The pressure of intense study, combined with work and family commitments, can cause problems for some students. It’s a problem recognised by many universities, which work hard to create a welcoming, safe and inclusive community. Some have dedicated mental health support, which includes initiatives to tackle loneliness, self-harm and suicide prevention. Around a quarter of students at university are experiencing mental disorders in any 12-month period, and instances of anxiety and low self-worth have risen sharply, particularly in the LGBT community.

A total of 28% of the 23,950 students who entered higher education with an Access to HE Diploma in September 2017 had a mental health condition. For further education colleges, in particular, these challenges can be hard to address. Just 63% of colleges have dedicated mental health support, with time and money being the main barriers.

Engineering undergraduate Layla is also a mother of four and was in a cohort of eight mature students on her Access to HE engineering Diploma. However, when she arrived at university she had to adjust to being the only one who wasn’t a teenager – and the only female student in her class. ‘It was isolating,’ she says. ‘Lecturers need to be aware of us and what Access to HE represents.’

Tommy is an ex-Royal Marine, who freely admits that his life became ‘quite chaotic’ after his military career was cut short by cancer. Tommy enrolled on an Access to HE Diploma in social work so that could help others like him. He found the structure to stay on the straight and narrow. He starts his new career as a social worker at the beginning of June. What does he think of the Diploma? ‘It saved me,’ he says.

Last year, 26% of Access to HE students got the highest degree outcome, a first-class honours degree, the same percentage as those who went to university with A-levels and other qualifications. Access to HE students are equally successful in work: 90% of graduates with an Access to HE Diploma were employed or in further study six months after completing their degree.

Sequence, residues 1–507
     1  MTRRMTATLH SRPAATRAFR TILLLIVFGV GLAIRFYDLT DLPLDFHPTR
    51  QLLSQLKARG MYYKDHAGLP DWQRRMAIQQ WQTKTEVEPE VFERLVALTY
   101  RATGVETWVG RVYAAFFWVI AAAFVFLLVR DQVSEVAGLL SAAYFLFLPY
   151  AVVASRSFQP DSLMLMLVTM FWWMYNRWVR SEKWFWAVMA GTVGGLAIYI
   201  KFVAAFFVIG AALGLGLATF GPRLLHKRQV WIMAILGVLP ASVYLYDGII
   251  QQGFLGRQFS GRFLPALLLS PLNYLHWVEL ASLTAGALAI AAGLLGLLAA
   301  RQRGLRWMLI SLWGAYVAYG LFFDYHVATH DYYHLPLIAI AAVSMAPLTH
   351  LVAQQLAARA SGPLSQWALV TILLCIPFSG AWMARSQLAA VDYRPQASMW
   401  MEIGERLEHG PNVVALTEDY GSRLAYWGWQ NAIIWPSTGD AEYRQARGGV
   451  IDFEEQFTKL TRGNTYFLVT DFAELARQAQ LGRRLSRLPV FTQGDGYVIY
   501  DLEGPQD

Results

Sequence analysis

Service leavers have several options to fund their studies: 

  • Enhanced Learning Credits (if you’re registered) 
  • the Publicly Funded FE/HE scheme (the higher education course must be done immediately after the Access to HE courses)
  • an Advanced Learner Loan.

The publicly funded FE and HE scheme pays for your Access to HE Diploma and degree, as long as the Diploma is in a subject leading to degree and is done immediately before your degree studies. Your education officer will have more information. You may prefer to use learning credits (ELC or SLC) to pay for your course, and many Access to HE providers are on the ELCAS website. 
   

Advanced Learner Loan repayments don’t start until you start to earn more than £25,000 per year. And if you successfully complete a QAA-recognised Access to HE course, the balance of the loan will be cancelled when you complete your higher education course. For more information about Advanced Learner Loans, visit the gov.uk website. 

You may also receive a childcare allowance grant that doesn’t need to be repaid. You can see if you get help for childcare using the calculator on the gov.uk website, here: www.gov.uk/childcare-calculator Many universities also offer funds to help with the cost of going to university.

It is important to look in to your funding options carefully, to make sure you make the best choice for you and your family. Access to HE providers, your education officer or transition staff should be able to help you choose the best route. 

Higher education is not for everyone, but it could be your route through transition. 

Find out more 

You may find the following websites helpful.
Access to HE website: www.accesstohe.ac.uk 
Real-life stories: www.accesstohe.ac.uk/Access/Pages/AHE4SP.aspx 
Diploma database: https://ava.accesstohe.ac.uk/SubSites/PublicSearch/search.aspx 
Advanced Learner Loans: www.gov.uk/advanced-learner-loan 
Enhanced Learning Credits: www.enhancedlearningcredits.com
UCAS: www.ucas.com

 

1 https://ava.accesstohe.ac.uk/SubSites/PublicSearch/search.asp